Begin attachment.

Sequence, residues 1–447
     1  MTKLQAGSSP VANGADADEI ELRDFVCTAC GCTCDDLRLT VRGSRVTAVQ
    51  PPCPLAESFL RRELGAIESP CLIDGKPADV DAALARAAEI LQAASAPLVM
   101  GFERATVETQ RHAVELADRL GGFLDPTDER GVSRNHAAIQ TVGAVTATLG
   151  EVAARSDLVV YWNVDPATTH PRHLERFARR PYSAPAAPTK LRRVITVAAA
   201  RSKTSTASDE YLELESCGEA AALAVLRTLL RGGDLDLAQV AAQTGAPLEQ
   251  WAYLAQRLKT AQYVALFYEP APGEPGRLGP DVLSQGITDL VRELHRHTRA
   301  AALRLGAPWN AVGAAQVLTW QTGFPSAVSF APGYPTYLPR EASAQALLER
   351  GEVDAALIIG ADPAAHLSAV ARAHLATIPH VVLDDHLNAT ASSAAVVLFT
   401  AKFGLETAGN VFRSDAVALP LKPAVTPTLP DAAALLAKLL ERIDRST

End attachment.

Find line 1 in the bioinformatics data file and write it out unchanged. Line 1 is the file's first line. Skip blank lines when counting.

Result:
Sequence, residues 1–447